After the Fact

Olivia Armstrong, Copy Editor

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Never walking out of our minds.

National Walkout Day may be over, but the effects of the day are here to stay.

National Walkout Day was on March 14. Across the country, students participated by peacefully leaving their in-school grounds. Here at Bullitt East, the day was ended with a moving assembly, despite a few eager attempts to walkout.

After the Parkland shooting, survivors from that high school decided that changes needed to be made.

The school shooting at Marjory Stoneman Douglas high school on February 14 has taken the world by storm, and rightfully so. Emma Gonzalez, Alfonso Calderon and Sarah Chadwick, all survivors, created an organization dedicated to making sure such a thing never happens again.

This organization is called Never Again MSD, and from this group stemmed a new demonstration: March for Our Lives.

On the official March for Our Lives website, they attribute the reason for their march as wanting to protect the future of both students and teachers. “We must make it our top priority to save these lives,” says their mission statement.

The March for Our Lives demonstration took place successfully on March 24, its set date, but beforehand, another rally took place.

This rally was coined the “National School Walkout,” on March 14. Country-wide, students were encouraged to participate by, at 10 a.m., walking out of their school building to raise awareness to the burning want for total safety in schools.

This desire did exist here in Bullitt County, but the Board of Education cut that short. On March 12, at around 1 p.m., Keith Davis posted a message on the BCPS Board of Education website explaining that no walkouts would be allowed countywide.

“Our schools are extremely safe,” wrote Davis, “For any student that chooses to leave school grounds and participate in an unsanctioned school event, consequences will be given in accordance to the Bullitt County Code of Student Behavior and Discipline.”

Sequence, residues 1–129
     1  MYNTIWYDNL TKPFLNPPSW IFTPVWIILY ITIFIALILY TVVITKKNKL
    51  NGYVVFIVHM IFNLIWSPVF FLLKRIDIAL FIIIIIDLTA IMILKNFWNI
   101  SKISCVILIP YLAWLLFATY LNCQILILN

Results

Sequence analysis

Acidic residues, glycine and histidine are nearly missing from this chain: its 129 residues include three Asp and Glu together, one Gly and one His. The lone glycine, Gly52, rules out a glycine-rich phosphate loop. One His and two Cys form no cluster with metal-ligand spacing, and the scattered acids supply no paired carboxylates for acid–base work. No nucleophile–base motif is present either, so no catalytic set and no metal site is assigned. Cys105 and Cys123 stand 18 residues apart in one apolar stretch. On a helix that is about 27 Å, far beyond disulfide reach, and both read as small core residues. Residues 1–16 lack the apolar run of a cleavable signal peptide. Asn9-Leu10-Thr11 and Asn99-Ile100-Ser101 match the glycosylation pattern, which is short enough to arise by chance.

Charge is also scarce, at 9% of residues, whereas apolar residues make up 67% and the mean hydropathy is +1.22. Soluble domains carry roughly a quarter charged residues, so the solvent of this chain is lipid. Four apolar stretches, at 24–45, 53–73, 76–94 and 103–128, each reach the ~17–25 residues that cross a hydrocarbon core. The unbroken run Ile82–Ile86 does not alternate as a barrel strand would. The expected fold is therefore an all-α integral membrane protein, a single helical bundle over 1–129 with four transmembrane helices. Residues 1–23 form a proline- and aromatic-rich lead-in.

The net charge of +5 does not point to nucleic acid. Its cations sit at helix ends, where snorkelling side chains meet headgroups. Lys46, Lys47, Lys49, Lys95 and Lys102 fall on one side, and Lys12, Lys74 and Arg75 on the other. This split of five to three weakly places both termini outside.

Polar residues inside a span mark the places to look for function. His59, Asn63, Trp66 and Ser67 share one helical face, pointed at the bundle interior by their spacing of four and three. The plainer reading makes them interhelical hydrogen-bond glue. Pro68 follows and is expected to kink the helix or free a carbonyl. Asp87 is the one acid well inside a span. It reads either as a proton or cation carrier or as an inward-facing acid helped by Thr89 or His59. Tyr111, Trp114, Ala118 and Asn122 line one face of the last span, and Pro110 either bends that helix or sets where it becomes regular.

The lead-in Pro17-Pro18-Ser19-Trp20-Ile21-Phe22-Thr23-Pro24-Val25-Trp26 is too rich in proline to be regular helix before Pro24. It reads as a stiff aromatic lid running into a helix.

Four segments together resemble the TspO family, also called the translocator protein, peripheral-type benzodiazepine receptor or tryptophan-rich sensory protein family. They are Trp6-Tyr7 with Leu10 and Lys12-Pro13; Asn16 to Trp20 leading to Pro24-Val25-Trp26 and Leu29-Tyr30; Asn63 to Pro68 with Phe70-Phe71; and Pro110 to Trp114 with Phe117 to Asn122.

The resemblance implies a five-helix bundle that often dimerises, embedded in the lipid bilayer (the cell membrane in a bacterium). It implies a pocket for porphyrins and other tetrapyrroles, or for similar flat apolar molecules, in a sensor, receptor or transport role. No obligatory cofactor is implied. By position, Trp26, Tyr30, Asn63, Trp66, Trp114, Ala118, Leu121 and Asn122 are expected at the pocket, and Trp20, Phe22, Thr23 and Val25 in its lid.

While Bullitt County may have been forced to keep inside the school doors, other counties were not. Locally, JCPS allowed any student that wanted to participate in the walkout to be able to. “As long as it was peaceful, I see no problem,” said sophomore Beth Woods.

From this regulation, a school assembly stemmed. Bullitt East’s journalism and yearbook program were able to work together with the principal to make both parties happy.

The assembly did take place on the 14, and it was operated on an optional attendance policy. “I think that was important because it made it clear that no one was trying to force any opinions or beliefs on us,” said senior Tristen Preston.

During the assembly, there were two main speakers: Bullitt East senior William Smith and father of a student in the Marshall county shooting, Scott Cosner.

Both had very insightful and passionate speeches; however, the messages were very different.

Smith seemed to be more passionate about the idea of gun control measures, while Cosner asserted the idea of these events were “not a gun problem,” but just a “problem of the heart.”

“As a Christian, I do agree with him in the way he expressed his religious beliefs,” said Woods. She also noted that his speech really seemed to resonate with her.

Sophomore Kamryn Lane felt the opposite, “the way he [Smith] expressed himself, his beliefs and maturity I liked. Still to this day I’m thinking about his words,” said Lane.

Smith, who gave the speech, was a little nervous before the time came. “I wasn’t as nervous about speaking as I was nervous about speaking what I was about to speak,” said Smith.

However, Smith didn’t feel limited in his opinions. “All I knew was that I had to be tactful, but I had all intentions of doing that to begin with,” said Smith.

Many, even Smith, were more passionate about the idea of an assembly over a school walkout. “I don’t think they [marches] accomplish much of anything,” said senior Andy Lutz.

Woods felt the same way. “I think that the assembly was much more impactful, it reminded me that everyone has different viewpoints,” said Woods.

It seems that despite viewpoints on the assembly, everyone walked out (of the gym) with a fresh mindset.

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